Business intelligence (BI) applications vendor Cognos (Quote, Chart) announced that it is laying off 6 percent of its
Cognos president and CEO Rob Ashe said the Ottawa-based company is reducing its headcount in order to improve operating margins and to reflect new market
Ashe said the layoffs, which will affect 210 employees, are primarily in management and non-revenue-generating areas of the company.
The company will realize $28 million in annualized cost
savings as a result of these moves, he added.
“It’s a difficult move but it’s the right move for us,” said Ashe during a
conference call to announce the moves.
He also said that Cognos is planning to hire 25 additional sales reps by the
end of the year to bolster its 363-person-strong sales force.
Ashe placed the blame for the company’s recent lackluster performance on a
variety of factors, including the strength of the Canadian dollar, which he
said cost Cognos 200 basis points in operating margin.
He also said that a Securities and Exchange Commission investigation during the second quarter cost the
company momentum, although Cognos was eventually cleared of any misdeeds.
Ashe also suggested that the company has had trouble closing larger deals
that are fast becoming its staple.
The reductions on the one hand and hiring on the other indicate that the
company’s business is evolving from a plethora of small and medium-sized
deals to a greater proportion of larger enterprise deals.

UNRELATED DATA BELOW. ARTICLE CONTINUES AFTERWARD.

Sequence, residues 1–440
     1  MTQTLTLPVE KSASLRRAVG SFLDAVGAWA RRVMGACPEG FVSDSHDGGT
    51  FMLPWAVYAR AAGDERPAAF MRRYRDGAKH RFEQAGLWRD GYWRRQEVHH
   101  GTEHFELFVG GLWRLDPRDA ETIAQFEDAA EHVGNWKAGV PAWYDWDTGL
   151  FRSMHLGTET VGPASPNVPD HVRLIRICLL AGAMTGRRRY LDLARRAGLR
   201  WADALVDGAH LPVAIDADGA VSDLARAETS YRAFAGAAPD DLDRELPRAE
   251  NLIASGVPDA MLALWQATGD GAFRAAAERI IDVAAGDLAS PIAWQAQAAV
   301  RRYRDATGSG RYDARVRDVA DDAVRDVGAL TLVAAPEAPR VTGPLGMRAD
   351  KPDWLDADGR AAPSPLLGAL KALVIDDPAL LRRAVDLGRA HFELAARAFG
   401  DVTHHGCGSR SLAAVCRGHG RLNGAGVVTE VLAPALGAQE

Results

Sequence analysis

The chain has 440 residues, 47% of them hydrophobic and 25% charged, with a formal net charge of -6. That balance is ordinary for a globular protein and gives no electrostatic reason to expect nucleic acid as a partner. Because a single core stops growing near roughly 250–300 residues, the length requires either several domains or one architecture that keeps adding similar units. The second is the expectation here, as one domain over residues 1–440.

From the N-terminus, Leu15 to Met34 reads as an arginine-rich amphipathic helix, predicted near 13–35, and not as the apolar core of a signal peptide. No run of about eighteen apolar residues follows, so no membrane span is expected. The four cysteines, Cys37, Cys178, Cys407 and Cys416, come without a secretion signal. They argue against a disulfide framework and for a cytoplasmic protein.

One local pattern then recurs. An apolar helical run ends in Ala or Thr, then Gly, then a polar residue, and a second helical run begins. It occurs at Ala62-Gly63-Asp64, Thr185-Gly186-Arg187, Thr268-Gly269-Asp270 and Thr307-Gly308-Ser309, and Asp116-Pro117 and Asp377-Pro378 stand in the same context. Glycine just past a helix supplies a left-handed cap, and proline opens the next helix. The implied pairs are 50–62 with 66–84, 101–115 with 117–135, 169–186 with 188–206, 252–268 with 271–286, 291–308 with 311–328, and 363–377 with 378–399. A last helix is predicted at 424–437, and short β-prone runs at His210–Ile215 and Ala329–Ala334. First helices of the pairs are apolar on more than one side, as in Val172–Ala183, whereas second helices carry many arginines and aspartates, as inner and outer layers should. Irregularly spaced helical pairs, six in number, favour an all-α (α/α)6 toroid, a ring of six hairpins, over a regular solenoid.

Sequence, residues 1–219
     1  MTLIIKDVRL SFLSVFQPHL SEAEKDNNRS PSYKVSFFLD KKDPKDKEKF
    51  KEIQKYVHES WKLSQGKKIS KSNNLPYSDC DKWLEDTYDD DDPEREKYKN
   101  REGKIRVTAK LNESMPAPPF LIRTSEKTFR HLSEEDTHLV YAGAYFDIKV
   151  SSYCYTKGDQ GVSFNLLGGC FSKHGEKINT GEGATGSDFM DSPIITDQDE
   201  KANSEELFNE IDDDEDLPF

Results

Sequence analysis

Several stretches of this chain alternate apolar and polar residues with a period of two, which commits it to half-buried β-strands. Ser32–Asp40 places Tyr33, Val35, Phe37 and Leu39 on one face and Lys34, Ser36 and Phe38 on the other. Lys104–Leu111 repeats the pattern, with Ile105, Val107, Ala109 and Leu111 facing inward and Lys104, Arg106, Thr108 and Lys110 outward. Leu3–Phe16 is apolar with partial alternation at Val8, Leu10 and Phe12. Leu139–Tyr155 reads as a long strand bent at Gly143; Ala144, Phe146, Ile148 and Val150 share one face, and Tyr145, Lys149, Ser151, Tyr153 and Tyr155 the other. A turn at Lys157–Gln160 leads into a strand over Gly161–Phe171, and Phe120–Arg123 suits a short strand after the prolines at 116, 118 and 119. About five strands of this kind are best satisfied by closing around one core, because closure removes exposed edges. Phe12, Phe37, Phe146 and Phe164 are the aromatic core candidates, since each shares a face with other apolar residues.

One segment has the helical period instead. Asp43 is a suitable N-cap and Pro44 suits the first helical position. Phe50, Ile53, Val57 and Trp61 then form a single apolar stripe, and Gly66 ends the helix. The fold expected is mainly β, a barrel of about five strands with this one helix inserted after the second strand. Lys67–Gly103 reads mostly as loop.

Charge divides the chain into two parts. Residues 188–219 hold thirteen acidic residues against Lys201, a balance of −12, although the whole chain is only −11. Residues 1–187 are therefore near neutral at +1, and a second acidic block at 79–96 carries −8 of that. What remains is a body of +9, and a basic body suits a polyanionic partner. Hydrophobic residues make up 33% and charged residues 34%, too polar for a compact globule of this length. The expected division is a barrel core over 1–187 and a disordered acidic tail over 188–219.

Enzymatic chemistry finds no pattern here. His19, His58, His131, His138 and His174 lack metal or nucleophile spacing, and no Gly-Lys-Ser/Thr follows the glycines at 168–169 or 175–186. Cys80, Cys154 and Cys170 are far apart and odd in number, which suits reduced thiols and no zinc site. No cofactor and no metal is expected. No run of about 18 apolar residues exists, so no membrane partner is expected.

This is having a ripple effect on the company’s organizational structure.
“The assumptions are not the same in terms of management,” Ashe explained.
The company has several multi-million dollar deals were also in the
pipeline, said Ashe, who added that Cognos is making changes to get it executing on larger deals.
Ashe said that several deals didn’t get done in time for the quarter
close and that a combination of more feet on the ground and a
leaner management structure will help those deals close more quickly.
“The reality is we’re closing more large deals than ever before.
Negotiations are longer, more complex with more people involved at the
Peter Goldmacher, who follows the BI market for SG Cowen, said that Cognos
has been a victim of its own success and agreed that the moves make sense.
“They’re getting a slightly lower volume of much larger deals. You don’t
need as much management around those deals, and you need more face time
around those customers,” he told internetnews.com.
“I think what they’re doing is very smart. Most companies continue to look
backward while moving their company forward,” he said.
The BI market is estimated by research firm IDC to be worth $5.7 billion —
and growing by 10 percent over the next five years.
Little wonder, then, that companies such as Oracle (Quote, Chart) have announced their intention to enter the market.
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